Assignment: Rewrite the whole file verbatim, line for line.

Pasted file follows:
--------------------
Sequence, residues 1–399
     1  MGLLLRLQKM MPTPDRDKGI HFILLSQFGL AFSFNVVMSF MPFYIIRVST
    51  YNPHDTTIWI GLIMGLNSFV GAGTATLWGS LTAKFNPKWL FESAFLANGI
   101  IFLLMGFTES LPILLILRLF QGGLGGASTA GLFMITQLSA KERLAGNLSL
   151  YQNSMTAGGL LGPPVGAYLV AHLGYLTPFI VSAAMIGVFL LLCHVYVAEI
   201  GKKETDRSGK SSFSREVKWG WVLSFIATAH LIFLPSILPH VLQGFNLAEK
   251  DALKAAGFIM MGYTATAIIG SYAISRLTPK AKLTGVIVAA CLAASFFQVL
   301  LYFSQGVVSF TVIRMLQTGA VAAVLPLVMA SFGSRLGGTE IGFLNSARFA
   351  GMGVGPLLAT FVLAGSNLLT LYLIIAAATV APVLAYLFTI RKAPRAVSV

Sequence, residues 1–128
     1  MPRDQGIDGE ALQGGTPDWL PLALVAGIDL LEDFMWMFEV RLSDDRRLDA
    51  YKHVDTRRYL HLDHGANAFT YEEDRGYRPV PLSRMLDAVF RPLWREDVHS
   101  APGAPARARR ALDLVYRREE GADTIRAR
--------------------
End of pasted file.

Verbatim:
Sequence, residues 1–399
     1  MGLLLRLQKM MPTPDRDKGI HFILLSQFGL AFSFNVVMSF MPFYIIRVST
    51  YNPHDTTIWI GLIMGLNSFV GAGTATLWGS LTAKFNPKWL FESAFLANGI
   101  IFLLMGFTES LPILLILRLF QGGLGGASTA GLFMITQLSA KERLAGNLSL
   151  YQNSMTAGGL LGPPVGAYLV AHLGYLTPFI VSAAMIGVFL LLCHVYVAEI
   201  GKKETDRSGK SSFSREVKWG WVLSFIATAH LIFLPSILPH VLQGFNLAEK
   251  DALKAAGFIM MGYTATAIIG SYAISRLTPK AKLTGVIVAA CLAASFFQVL
   301  LYFSQGVVSF TVIRMLQTGA VAAVLPLVMA SFGSRLGGTE IGFLNSARFA
   351  GMGVGPLLAT FVLAGSNLLT LYLIIAAATV APVLAYLFTI RKAPRAVSV

Sequence, residues 1–128
     1  MPRDQGIDGE ALQGGTPDWL PLALVAGIDL LEDFMWMFEV RLSDDRRLDA
    51  YKHVDTRRYL HLDHGANAFT YEEDRGYRPV PLSRMLDAVF RPLWREDVHS
   101  APGAPARARR ALDLVYRREE GADTIRAR